The Ibex is a kind of goat, sometimes referred to as a Rock Goat – for good reason as you’ll see shortly.
It resembles the common goat, but is larger, and it lives in places where you would think no animal could get to without falling and breaking its neck. They are sometimes frightening to watch, climbing up rough and narrow crevices and jumping from rock to rock with amazing dexterity.
The Ibex has an unusually small hoof, something like those of a sheep, except that its hollow underneath, and has a sort of ridge around it the animal uses to cling to precarious rock outcroppings, without slipping. They are extraordinarily graceful and nimbly navigate the sheer cliffs of their native habitat seemingly without any fear of falling.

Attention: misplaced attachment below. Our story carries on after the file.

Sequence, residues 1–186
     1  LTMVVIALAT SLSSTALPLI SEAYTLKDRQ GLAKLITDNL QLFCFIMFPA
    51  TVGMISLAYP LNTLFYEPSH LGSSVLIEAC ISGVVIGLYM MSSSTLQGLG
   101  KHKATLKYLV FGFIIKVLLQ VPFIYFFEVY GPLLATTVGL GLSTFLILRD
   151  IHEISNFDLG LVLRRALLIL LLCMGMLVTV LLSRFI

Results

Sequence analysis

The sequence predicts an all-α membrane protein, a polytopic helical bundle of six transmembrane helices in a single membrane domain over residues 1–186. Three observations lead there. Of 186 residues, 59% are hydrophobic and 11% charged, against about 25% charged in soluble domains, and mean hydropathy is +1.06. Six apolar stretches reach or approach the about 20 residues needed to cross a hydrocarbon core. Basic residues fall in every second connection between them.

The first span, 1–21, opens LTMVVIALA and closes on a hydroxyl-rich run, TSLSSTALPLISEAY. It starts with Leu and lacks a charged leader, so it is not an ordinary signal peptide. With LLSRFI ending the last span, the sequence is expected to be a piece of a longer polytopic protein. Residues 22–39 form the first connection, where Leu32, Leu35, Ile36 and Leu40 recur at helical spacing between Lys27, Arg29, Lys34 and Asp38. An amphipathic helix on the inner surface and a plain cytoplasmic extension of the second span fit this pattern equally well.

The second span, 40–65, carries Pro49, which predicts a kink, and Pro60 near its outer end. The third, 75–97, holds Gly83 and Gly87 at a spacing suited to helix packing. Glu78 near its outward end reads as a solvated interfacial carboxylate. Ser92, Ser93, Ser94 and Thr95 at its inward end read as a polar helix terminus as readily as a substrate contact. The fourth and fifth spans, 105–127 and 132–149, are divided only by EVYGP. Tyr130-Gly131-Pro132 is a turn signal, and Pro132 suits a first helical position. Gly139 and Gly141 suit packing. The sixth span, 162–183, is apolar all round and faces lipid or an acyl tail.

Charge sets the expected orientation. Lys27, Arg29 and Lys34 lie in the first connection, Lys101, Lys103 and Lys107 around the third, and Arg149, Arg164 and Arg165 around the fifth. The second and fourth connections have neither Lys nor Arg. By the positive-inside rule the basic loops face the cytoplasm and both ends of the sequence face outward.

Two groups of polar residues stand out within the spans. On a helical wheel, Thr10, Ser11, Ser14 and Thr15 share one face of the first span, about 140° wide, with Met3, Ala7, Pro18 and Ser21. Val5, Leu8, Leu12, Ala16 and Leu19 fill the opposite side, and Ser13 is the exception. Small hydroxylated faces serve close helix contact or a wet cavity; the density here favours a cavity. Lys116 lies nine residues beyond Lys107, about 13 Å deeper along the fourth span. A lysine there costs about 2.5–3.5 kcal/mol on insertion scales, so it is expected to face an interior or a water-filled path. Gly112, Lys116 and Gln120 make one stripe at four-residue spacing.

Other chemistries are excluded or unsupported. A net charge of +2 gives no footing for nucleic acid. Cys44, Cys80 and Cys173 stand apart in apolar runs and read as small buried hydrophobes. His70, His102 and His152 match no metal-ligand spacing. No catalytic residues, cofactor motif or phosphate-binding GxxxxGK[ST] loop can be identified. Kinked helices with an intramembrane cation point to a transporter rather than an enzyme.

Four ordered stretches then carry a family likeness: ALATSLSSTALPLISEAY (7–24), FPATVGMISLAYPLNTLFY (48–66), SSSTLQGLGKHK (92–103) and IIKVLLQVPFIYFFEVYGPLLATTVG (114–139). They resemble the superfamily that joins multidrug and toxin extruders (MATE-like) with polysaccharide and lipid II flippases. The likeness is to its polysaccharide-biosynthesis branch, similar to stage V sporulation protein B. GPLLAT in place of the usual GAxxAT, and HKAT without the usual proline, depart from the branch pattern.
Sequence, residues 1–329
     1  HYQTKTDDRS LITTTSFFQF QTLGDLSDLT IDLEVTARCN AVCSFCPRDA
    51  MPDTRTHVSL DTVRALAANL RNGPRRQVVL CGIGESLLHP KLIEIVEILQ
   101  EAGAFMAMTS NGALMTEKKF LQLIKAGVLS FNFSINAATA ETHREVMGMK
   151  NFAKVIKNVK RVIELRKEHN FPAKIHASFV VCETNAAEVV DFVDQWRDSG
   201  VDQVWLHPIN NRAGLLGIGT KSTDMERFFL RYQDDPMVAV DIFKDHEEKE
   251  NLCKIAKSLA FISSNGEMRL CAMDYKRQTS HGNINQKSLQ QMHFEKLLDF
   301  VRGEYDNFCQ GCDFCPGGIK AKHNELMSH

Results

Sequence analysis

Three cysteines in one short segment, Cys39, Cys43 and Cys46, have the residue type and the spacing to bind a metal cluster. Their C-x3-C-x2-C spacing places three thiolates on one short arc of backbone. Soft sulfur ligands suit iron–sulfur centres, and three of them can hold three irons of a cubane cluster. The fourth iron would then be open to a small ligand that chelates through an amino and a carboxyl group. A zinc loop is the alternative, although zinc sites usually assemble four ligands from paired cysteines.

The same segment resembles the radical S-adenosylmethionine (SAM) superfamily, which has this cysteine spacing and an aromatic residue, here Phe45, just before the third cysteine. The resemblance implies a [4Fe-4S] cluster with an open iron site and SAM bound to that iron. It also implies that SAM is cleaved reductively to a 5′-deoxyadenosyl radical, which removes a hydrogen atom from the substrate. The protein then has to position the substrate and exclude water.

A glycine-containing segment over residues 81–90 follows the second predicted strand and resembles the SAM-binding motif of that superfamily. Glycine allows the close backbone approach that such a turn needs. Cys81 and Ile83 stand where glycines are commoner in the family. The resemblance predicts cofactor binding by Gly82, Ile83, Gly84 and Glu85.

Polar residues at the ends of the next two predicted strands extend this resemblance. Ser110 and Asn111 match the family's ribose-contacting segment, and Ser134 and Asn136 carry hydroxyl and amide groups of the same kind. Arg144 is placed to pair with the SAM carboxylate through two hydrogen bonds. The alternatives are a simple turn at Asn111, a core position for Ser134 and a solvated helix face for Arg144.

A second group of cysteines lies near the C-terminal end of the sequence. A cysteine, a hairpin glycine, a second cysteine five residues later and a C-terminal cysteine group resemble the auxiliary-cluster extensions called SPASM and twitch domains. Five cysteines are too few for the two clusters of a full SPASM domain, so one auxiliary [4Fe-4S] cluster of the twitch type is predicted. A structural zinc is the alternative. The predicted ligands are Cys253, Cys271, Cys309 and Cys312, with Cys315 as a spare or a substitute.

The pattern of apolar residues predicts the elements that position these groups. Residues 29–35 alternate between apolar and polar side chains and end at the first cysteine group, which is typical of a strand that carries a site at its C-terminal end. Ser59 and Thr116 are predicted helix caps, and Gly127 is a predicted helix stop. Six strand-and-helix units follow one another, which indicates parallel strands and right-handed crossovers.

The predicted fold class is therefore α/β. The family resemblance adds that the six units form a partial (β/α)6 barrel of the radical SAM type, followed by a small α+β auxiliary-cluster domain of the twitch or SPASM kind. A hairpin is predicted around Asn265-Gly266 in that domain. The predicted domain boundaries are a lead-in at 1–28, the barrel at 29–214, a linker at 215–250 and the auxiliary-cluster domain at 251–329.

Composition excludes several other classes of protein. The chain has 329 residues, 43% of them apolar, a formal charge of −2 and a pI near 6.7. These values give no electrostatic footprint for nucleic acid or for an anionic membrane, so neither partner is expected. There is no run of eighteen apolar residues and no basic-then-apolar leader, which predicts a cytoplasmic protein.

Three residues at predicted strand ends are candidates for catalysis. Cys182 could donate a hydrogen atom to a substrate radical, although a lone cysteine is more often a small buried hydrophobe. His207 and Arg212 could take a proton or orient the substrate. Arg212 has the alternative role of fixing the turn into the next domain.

Two goats occasionally meet on a high narrow path, with just room for one, above a dizzyingly shear drop high on a cliff face. They cannot retreat without the danger of falling, and they can’t pass each other either. For a while they seem to quietly consider their options, but at last one bends its knees and lays down, while the other walks safely over his back to safety on the other side.
The ibex feeds during the night in the high woods. But as soon as the sun rises, it begins to climb, eating grass, or whatever it finds, until it reaches spaces high above the timberline. They roam in small groups of eight or ten, and lie down in sunny places among the rocks; but about three or four o’clock in the afternoon, they begin to migrate back down again towards the woods. They are built to climb more easily than they can get down, because their fore legs are shorter than the others.
Check out the video clip to see this amazing animal’s death-defying daily routine – even out-maneuvering a dangerous natural predator in the nick of time!